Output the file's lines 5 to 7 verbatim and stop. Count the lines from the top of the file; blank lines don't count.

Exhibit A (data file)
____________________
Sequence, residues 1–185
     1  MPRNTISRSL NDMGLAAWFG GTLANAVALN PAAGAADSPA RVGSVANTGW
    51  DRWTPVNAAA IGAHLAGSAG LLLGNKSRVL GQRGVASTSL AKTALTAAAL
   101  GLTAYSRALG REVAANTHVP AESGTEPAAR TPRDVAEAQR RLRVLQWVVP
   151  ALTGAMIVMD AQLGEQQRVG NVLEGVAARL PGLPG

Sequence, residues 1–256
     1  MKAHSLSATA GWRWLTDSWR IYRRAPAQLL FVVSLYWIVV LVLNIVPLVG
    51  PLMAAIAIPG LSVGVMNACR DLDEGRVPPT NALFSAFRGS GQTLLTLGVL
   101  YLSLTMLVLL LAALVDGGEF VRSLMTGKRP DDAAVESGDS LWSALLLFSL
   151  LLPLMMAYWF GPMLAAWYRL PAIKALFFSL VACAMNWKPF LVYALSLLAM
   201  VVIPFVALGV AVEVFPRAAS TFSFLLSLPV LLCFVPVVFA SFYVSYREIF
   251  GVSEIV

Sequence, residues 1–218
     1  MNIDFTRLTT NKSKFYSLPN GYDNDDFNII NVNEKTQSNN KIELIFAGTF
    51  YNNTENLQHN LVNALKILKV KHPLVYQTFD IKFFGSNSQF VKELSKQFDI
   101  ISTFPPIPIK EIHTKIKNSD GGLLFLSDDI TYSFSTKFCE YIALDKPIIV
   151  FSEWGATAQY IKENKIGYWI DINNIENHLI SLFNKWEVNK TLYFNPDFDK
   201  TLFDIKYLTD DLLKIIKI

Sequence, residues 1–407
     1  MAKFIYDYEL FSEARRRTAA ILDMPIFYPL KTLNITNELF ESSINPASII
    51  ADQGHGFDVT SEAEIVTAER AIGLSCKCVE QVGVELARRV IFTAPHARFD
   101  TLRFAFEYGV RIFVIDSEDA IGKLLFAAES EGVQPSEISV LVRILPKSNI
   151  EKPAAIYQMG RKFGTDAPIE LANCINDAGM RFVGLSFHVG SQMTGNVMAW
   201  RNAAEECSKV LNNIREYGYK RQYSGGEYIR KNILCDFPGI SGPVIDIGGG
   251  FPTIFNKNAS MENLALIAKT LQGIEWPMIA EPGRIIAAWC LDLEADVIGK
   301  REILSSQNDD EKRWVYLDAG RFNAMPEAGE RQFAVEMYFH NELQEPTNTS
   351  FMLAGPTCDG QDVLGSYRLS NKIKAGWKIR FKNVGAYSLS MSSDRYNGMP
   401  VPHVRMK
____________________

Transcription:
   151  ALTGAMIVMD AQLGEQQRVG NVLEGVAARL PGLPG

Sequence, residues 1–256
     1  MKAHSLSATA GWRWLTDSWR IYRRAPAQLL FVVSLYWIVV LVLNIVPLVG